Because just as many people that die of CVD have low cholesterol as high cholesterol, and just as many people without CVD have high cholesterol as low cholesterol, I am not convinced that cholesterol is the problem it is made out to be.   For more information on the lack of association between saturated fat, cholesterol and heart disease, read the book The Cholesterol Myths by Uffe Ravnskov, and Know Your Fats, by lipid researcher Mary Enig.  Do your own research and make up your own mind.

Related tips:
High cholesterol does not cause heart disease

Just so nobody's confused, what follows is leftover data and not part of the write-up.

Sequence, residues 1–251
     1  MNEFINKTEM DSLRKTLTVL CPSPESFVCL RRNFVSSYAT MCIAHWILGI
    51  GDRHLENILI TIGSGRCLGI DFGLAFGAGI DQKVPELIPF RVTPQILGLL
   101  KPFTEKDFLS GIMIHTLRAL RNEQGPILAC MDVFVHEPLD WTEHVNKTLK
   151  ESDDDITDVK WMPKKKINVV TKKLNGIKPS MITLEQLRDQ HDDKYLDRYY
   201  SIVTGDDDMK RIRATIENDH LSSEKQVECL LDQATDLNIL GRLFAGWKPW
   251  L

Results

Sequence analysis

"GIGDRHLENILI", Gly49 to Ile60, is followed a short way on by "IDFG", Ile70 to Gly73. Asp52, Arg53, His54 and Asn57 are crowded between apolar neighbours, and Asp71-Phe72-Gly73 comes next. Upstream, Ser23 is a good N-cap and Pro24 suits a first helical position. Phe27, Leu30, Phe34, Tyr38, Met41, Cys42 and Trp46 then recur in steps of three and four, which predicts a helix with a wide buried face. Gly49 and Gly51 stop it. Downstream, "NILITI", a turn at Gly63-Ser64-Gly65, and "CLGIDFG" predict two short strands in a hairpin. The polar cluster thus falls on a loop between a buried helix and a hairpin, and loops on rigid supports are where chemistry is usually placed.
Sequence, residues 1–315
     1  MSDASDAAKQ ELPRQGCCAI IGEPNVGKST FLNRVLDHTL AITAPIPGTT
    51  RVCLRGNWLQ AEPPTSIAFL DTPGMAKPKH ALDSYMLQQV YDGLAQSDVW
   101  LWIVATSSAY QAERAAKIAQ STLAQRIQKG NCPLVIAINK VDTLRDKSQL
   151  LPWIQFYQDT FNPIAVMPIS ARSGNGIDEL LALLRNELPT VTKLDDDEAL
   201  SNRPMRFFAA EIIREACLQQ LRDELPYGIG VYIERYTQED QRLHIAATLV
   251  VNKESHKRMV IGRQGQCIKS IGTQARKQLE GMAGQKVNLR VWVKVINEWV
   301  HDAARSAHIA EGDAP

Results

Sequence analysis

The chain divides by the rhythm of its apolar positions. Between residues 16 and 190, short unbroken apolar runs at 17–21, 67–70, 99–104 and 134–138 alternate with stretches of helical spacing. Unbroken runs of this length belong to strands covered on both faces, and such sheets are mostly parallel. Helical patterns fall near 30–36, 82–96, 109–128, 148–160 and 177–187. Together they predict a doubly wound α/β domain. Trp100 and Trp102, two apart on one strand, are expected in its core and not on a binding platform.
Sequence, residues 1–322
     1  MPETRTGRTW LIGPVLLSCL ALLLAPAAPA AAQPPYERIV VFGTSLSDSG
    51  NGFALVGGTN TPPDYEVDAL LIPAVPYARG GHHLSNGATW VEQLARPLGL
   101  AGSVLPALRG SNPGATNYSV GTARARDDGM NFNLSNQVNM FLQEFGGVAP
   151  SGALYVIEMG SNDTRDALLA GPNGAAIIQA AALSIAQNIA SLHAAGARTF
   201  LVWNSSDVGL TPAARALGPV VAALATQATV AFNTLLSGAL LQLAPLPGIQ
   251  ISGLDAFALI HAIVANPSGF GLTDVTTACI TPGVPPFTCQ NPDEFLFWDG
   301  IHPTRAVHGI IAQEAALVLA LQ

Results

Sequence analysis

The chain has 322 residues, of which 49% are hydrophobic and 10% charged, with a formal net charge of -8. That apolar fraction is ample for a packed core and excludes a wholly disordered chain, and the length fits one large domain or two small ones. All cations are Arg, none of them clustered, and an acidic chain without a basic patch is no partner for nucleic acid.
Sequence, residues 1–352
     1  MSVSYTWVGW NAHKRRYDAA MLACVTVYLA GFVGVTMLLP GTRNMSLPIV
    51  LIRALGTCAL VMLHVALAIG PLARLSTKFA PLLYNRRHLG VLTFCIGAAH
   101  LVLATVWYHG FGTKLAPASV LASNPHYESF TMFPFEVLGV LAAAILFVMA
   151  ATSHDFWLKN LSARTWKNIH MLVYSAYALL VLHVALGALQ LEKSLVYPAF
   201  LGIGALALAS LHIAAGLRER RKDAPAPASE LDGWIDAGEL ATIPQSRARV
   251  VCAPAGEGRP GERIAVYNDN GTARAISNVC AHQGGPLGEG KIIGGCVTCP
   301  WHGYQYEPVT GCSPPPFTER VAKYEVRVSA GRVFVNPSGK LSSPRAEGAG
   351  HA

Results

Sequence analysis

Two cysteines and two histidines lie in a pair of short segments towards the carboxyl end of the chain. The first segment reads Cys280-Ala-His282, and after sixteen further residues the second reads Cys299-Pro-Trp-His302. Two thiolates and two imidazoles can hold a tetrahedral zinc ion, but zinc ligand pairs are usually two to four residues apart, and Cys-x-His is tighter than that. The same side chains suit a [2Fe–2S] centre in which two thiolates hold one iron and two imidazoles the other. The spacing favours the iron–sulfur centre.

Saturated Fat: the misunderstood nutrient
Water, our critical solvent
Deceptive Food Labeling
Sugar, the disease generator
Fats - the good, the bad, and the ugly
Heart-rate training

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Enig, Mary; Know Your Fats: The Complete Primer For Understanding the Nutrition of Fats, Oils, and Cholesterol Bethesda Press, Silver Spring, MD, 2003.